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Single wavelength (monochromatic light)
The Mie algorithm models all of the "traditional" scattering processes caused by a spherical drop of water, such as external reflection, multiple internal reflections, transmission and surface waves.
The MiePlot program can produce graphs of the intensity of scattered light as a function of scattering angle, where 0° implies forward-scattering (i.e. in the original direction) and 180° implies back-scattering (i.e. back towards the source of the light).
Fig. 1 MiePlot calculation of intensity for unpolarised red light (wavelength = 0.65 µm, refractive index = 1.33257) for water drops of radius r = 0.1, 1, 10, 100 and 1000 µm
Classical geometrical optics (as described by Descartes and Newton) show that the primary rainbow is due to light which has been reflected once within a raindrop, whereas the secondary rainbow is due to light suffering two internal reflections. Geometrical optics indicates that these rainbow angles are defined solely by the refractive index of water. For a wavelength of 0.65 µm, the refractive index of water is 1.33257 which implies rainbow angles of 137.8° and 129.4°. However, Fig. 1 shows that the appearance of rainbows depends on the size of the raindrop and that the rainbow angles are not well defined for small drops.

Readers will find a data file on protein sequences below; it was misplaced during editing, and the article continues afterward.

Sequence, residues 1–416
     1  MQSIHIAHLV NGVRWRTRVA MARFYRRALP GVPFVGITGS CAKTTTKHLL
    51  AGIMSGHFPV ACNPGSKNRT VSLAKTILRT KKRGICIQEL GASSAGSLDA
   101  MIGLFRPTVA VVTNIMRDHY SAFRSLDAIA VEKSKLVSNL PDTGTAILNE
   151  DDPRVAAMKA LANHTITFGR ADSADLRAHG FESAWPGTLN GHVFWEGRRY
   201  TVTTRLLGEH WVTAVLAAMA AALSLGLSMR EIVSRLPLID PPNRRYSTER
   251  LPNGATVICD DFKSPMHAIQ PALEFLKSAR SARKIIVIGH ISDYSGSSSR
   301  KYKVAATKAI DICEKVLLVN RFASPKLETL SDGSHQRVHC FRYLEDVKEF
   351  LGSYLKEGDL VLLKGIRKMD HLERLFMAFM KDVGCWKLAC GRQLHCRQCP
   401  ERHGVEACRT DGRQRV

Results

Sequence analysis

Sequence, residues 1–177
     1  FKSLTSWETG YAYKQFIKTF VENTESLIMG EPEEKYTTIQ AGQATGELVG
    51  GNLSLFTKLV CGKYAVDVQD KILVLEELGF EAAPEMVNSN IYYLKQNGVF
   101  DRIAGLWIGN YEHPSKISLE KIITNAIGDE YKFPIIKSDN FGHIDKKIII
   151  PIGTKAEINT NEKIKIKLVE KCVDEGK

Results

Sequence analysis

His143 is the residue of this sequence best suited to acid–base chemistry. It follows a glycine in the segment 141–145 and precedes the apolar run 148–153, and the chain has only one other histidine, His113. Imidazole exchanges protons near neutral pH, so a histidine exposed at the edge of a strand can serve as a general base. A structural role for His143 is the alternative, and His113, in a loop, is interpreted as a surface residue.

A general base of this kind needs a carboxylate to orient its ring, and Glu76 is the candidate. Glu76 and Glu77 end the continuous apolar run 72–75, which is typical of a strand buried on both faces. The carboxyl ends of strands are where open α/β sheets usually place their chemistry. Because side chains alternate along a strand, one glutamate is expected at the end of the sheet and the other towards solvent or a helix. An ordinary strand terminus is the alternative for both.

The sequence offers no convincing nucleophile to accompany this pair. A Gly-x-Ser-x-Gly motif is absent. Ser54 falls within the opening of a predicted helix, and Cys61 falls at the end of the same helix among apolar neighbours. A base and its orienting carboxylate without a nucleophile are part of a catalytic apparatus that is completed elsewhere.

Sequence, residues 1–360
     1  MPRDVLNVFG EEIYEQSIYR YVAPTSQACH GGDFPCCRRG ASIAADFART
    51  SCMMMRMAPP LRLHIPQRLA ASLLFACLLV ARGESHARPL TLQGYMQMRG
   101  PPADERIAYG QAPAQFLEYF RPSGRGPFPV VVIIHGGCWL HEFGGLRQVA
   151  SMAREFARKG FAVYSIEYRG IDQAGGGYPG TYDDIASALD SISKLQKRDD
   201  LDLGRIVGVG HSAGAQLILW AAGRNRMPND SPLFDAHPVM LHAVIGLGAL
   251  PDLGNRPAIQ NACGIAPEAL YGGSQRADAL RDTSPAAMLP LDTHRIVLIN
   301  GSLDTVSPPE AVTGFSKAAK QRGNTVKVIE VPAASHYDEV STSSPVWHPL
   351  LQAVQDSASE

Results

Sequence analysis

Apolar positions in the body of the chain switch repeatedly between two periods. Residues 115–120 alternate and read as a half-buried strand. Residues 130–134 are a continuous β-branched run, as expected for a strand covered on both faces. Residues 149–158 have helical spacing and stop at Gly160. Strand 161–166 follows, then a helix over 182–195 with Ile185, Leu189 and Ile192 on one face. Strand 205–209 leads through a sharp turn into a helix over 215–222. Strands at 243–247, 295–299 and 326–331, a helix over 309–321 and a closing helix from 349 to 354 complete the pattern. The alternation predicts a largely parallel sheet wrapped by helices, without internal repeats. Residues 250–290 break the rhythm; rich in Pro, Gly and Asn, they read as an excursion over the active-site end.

The maxima between 170° and 180° for r = 10 µm produce the glory or circular rings around the anti-solar point (i.e. around the shadow of your head - or more frequently around the shadow of an aircraft as shown here). Similarly, the individual maxima at angles below 10° produce circular rings (corona) often seen around a cloud-covered moon.
Although scattering of light by an homogeneous sphere may seem to be a simple process, the graphs of Mie scattering are not easy to understand. Fig. 1 was calculated for unpolarised light, whereas Fig. 2 below shows separate curves for perpendicular and parallel polarisations.
Fig. 2 Mie calculation of scattering by a water drop of radius 10 µm of red light of wavelength = 0.65 µm (for perpendicular and parallel polarisations) using an angular resolution of 0.1°
Are the intricate wiggles in Fig. 2 merely mathematical curiosities? Or do they have a physical basis? The following pages use the Debye series to assist in understanding the processes involved in Mie scattering.
Page updated on 16 June 2003
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